Getting enough oxygen?


Last week Tulsa again hosted the annual Chili Bowl Midget National races in the Expo Building at Expo Square. (Translation for us old timers: That's the IPE building at the Fairgrounds.) Noisy little "sprint cars" tear around a 1/4-mile track built inside the building. The first race was held in 1987.

As Michael DelGiorno pointed out (during our weekly Monday morning Batesline update on 1170 KFAQ), people commit suicide by going into a garage and starting a car with the doors shut. During cold weather, we're warned by health authorities to open the garage door before starting the car. Going into a building with dozens of running engines is not a recipe for respiratory health, and yet thousands, including the elderly and children file in each night to breathe the fumes.

Thursday night EMSA and the Fire Department came out to investigate elevated CO levels at the event. A spectator brought a Carbon Monoxide (CO) detector into the race. CO levels in the stands reached 370 parts per million (ppm). To put that in perspective, here's what the Consumer Product Safety Commission has to say about high concentrations of CO levels.

The health effects of CO depend on the level of CO and length of exposure, as well as each individual's health condition. The concentration of CO is measured in parts per million (ppm). Health effects from exposure to CO levels of approximately 1 to 70 ppm are uncertain, but most people will not experience any symptoms. Some heart patients might experience an increase in chest pain. As CO levels increase and remain above 70 ppm, symptoms may become more noticeable (headache, fatigue, nausea). As CO levels increase above 150 to 200 ppm, disorientation, unconsciousness, and death are possible.

At about 9 p.m., the hazardous materials (hazmat) team was called to deal with the situation. For some reason, they were turned back. Similarly with the Fire Department. The reason appears to have to do with the fact that Expo Square is not in the city limits, so any health issue would come under the jurisdiction of the Tulsa City-County Health Department. They were called, too. Finally, at about 11 pm, long after the last race and after the doors had been opened to ventilate the building, the authorities arrived and still measured between 70 and 130 ppm.

The County's approach to solving the problem is to open doors and roof panels to ventilate the building. That's fine for the spectators, but it subjects neighbors across the street -- most of whom have lived there since long before the first Chili Bowl race in 1987 -- to dreadful noise and vibration. Noise level in one yard were measured at over 80 db with the Expo Building's doors closed.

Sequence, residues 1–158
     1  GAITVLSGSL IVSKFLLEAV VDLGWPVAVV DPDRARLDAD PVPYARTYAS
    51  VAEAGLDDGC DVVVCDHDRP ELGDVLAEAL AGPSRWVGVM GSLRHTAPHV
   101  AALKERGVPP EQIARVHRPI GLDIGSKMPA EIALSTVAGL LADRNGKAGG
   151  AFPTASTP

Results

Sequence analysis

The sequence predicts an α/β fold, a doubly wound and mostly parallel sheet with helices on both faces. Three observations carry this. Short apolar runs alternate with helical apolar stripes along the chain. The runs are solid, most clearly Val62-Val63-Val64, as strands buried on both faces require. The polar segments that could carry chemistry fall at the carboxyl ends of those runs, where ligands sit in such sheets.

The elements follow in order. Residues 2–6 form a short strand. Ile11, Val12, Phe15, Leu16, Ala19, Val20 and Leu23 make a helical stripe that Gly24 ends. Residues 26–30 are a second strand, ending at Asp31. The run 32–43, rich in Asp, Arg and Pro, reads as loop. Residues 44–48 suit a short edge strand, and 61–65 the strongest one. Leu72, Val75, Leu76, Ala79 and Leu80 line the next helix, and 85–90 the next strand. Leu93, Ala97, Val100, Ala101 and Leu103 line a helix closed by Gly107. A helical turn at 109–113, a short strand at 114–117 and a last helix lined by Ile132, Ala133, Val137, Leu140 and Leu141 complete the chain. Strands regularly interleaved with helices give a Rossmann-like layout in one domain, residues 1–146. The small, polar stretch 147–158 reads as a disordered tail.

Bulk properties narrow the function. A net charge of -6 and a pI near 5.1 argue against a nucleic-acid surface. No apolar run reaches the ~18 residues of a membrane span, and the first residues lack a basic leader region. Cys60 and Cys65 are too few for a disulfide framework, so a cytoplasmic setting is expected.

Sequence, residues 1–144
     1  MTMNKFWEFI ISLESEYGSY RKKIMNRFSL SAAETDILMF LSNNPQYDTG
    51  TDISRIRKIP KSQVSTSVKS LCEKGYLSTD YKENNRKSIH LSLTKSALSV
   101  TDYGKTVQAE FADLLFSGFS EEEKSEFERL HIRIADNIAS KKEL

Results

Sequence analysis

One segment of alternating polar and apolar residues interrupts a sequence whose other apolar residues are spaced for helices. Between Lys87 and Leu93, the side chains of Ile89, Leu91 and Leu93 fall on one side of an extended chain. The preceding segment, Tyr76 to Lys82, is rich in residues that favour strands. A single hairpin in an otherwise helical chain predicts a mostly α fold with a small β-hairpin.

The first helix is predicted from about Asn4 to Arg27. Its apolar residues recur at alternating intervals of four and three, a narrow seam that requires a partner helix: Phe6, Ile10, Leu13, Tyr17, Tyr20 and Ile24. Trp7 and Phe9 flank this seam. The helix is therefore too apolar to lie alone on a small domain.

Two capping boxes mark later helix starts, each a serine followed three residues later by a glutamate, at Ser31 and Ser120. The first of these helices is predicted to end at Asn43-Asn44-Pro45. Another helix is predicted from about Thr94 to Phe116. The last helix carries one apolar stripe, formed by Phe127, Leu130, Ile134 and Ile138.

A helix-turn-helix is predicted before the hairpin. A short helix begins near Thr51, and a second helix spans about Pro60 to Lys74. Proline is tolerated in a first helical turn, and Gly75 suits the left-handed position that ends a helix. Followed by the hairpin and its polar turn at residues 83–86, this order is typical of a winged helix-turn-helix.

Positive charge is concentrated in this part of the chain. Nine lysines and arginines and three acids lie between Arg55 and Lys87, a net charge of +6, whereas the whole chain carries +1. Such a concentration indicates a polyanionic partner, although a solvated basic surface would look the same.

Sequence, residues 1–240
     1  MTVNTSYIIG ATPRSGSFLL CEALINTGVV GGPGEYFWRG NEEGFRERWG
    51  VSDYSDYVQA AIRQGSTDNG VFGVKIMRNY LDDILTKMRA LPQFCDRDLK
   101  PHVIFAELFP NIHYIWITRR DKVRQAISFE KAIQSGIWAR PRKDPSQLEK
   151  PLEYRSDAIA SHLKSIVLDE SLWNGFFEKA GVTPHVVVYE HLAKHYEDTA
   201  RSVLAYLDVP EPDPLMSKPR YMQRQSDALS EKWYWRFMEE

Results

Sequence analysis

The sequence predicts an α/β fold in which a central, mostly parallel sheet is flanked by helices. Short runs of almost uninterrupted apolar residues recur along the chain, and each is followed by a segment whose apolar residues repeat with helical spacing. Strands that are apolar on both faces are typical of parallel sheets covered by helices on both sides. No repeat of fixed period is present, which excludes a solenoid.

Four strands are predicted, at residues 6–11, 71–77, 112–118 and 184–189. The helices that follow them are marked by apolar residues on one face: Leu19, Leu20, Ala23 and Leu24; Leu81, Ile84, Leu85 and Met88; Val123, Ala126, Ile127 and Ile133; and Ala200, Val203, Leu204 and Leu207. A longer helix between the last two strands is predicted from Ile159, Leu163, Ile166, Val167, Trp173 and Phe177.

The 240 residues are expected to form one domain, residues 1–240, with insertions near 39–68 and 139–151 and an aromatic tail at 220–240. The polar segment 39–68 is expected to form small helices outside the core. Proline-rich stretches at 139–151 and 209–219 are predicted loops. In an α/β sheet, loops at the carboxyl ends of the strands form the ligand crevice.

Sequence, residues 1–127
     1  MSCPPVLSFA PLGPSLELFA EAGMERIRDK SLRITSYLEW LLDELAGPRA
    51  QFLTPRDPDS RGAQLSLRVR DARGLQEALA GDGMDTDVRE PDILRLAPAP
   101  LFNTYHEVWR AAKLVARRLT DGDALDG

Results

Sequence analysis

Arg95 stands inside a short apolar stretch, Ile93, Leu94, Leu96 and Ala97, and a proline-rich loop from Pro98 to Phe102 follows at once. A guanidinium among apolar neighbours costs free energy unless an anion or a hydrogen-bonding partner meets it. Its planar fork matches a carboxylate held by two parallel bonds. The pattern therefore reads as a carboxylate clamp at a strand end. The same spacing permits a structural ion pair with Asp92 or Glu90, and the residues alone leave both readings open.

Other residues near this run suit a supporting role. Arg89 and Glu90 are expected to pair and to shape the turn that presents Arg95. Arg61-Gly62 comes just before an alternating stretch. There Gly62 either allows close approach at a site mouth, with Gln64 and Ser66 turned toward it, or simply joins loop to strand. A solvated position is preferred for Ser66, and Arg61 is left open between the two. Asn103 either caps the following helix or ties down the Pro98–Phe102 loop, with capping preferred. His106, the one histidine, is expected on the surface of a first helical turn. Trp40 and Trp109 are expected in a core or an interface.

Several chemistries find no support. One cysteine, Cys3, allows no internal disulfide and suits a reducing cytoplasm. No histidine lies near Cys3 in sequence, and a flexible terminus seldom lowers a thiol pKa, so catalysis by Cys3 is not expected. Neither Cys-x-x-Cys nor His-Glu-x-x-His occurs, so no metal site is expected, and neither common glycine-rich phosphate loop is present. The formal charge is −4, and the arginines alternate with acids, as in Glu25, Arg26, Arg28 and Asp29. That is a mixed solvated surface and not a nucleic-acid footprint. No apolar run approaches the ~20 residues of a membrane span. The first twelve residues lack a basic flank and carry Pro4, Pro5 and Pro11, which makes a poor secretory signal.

Here's a telling quote from Susan Hylton's story in the Whirled:

Expo Square officials met with Chili Bowl promoter Emmett Hahn, County Commissioner Bob Dick, the fire marshal and representatives from the health department and the HAZMAT team Friday morning.

Hahn said he had no idea if the carbon monoxide levels were too high Thursday night and referred questions to Tuttle.

Rouse said the fire department could close down the event, but he thought "everybody was pretty much satisfied with the corrective action that was going to be taken."

Note that no one from the nearby neighborhoods were included in the discussion, despite the impact of the event. If they had included neighbors, I doubt they would have been "pretty much satisfied" with the conclusion. And I doubt most of the spectators are aware of the risk they are taking with their own health. This is just one more example of how the majority of our County Commissioners are more concerned about generating revenue at the Fairgrounds rather than operating it in a responsible way to serve the interests of the public.

By the way, the outdoor races at Fair Meadows by the same promoter were approved by the Fair Board in November 2002, at a time when the surrounding neighborhoods lacked representation on the County Commission. The contract with the promoter required mufflers on the cars and keeping within a specified decibel limit. The limit was exceeded -- sound levels of 82 db were measured nearly 1/2 mile away -- but the County and Expo Square management did nothing to penalize the promoter for breaking his contract.

Expo Square, and the Expo Square building in particular, weren't built for auto racing. They were built for fairs, expositions, and trade shows. Let the Chili Bowl races be held in a facility suited for the purpose, where spectators won't be endangered and neighbors won't be bombarded with noise.

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This page contains a single entry by Michael Bates published on January 14, 2004 7:48 AM.

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